Although most lawyers acknowledge the efficiency with which disputes can be resolved by ADR, as compared to traditional litigation, I have heard other lawyers express the concern that unless finality is assured, ADR will delay a trial and increase costs. The success of ADR should not be measured solely by whether or not a final disposition is obtained. In the course of ADR, creative lawyers might resolve an insurance coverage issue or a disputed defense, or reach an agreement limiting a trial to liability only (with stipulated damages) or limiting a trial to damages only (with stipulated liability). Such partial resolutions may significantly reduce costs and expedite a trial. They may also reduce or even eliminate appeals. ADR affords stakeholders an opportunity to see and better understand the other side of the dispute. This alone can be productive as far as promoting an agreed disposition.

Virginia’s courts remain willing and able to conduct trials, and adjudicate disputes. Good litigators know how to navigate the judicial system, and to represent their clients in court. They also know that ADR should also be considered as a means of resolving clients’ disputes, regardless whether the dispute arises in the boardroom or the cornfield.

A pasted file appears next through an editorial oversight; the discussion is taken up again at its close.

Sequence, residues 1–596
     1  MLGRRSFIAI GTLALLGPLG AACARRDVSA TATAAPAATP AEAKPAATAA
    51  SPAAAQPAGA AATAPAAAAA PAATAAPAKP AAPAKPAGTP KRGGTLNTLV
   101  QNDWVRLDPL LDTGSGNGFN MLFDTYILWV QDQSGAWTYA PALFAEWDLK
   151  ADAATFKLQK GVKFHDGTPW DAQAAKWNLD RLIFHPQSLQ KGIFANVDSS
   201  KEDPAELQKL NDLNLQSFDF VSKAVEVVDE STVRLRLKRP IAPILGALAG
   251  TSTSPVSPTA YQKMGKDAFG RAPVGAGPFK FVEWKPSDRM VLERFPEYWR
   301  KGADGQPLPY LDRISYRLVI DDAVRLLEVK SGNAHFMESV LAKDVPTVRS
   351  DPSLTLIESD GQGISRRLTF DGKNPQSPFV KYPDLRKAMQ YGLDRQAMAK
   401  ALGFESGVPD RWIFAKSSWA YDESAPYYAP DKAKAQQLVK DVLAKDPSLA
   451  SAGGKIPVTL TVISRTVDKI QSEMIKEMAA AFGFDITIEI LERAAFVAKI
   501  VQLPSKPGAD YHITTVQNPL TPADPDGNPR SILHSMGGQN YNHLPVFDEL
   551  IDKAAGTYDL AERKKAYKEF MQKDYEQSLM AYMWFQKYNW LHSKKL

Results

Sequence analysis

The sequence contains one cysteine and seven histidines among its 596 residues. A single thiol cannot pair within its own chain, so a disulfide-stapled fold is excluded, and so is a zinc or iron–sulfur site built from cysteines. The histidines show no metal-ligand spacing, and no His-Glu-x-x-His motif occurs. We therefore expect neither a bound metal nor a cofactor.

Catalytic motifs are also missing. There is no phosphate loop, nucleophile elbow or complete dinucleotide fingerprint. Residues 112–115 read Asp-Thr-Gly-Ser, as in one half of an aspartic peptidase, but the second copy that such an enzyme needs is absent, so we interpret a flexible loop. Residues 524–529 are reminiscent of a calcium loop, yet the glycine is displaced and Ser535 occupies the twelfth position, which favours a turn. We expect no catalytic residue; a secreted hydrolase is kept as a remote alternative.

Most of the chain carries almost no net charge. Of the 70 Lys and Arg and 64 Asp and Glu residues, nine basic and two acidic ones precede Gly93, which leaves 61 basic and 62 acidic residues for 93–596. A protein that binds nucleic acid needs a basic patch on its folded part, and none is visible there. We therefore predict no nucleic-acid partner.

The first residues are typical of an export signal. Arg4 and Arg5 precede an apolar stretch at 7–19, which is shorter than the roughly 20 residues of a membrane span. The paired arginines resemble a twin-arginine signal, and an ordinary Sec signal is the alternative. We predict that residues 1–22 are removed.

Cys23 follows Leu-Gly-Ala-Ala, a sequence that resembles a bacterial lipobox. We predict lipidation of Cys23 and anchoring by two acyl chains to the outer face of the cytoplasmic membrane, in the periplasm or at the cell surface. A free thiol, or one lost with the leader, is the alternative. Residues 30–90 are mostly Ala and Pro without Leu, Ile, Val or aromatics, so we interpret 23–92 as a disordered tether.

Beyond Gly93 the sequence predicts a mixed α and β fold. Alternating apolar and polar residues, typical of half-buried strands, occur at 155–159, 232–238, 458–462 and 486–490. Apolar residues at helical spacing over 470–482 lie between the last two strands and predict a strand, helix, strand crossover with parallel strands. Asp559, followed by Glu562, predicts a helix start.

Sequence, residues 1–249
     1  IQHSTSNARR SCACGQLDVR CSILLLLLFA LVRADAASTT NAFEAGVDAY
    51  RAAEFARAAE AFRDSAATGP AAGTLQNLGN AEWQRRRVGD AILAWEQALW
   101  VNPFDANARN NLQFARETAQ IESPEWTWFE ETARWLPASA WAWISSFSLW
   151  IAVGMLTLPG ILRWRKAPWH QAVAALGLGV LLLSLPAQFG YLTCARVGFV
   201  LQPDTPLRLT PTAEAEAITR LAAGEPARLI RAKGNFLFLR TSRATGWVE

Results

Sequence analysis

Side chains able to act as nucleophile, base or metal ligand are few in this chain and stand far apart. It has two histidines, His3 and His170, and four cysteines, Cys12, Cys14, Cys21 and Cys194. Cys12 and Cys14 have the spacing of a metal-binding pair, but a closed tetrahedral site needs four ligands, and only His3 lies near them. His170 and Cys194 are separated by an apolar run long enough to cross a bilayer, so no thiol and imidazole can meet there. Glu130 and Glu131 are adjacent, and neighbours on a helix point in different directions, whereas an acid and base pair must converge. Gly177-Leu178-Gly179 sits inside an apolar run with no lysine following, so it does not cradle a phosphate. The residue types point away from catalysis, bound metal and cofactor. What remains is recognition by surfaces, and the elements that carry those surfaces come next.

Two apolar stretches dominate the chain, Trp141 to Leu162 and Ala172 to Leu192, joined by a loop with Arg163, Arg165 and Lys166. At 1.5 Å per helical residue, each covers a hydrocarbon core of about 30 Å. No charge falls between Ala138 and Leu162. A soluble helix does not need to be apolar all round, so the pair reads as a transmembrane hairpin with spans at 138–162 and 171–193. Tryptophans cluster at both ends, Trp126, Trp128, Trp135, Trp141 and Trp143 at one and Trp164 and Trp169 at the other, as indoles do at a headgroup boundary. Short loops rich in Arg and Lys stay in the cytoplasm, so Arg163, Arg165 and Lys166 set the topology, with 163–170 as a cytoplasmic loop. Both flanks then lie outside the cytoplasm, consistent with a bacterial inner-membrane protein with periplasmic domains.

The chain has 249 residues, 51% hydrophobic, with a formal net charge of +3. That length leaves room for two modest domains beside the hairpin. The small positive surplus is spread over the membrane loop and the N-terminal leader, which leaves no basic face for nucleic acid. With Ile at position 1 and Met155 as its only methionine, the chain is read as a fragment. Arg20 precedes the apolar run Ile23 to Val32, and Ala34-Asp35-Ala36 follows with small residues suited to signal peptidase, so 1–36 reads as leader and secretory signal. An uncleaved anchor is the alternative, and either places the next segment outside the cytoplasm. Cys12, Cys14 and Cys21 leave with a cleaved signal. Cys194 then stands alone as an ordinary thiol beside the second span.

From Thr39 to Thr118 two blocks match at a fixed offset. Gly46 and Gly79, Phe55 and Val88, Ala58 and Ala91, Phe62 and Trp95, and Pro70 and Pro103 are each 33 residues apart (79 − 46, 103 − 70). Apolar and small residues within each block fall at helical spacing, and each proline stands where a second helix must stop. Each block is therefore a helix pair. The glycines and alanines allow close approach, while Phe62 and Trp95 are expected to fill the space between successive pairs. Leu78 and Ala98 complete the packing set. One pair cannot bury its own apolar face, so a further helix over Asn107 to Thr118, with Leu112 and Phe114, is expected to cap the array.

Tags:  ADR  judge  Judge Joseph W. Milam Jr. 

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Mentee-Mentor Opportunities Matter in ADR

Posted By Claudia Farr, Thursday, October 12, 2017

Jeanne Franklin posted great comments for our consideration a few weeks back on diversity in ADR and access to justice.   Thanks Jeanne!  

On the mentoring topic, I agree that a focus on developing more opportunities for mentor-mentee relationships would be useful.  As in law and countless other fields, real, meaningful mentoring can make a profound difference in an individual’s ADR career path.  Many if not all of us can all remember mentors, formal or informal, who took us under their wing at some stage in our careers.  These people listened to us, advised us, challenged us, and inspired us.

In Virginia, certified mentor-mediators provide feedback and coaching to mediator certification candidates through mediation observations and co-mediations.  This presents one of the first opportunities for an emerging new mediator to learn from a more-experienced mentor not only how to mediate, but perhaps also how best to network, learn from peers, and market their practice once certified, among other things.  A little inspiration can also emerge.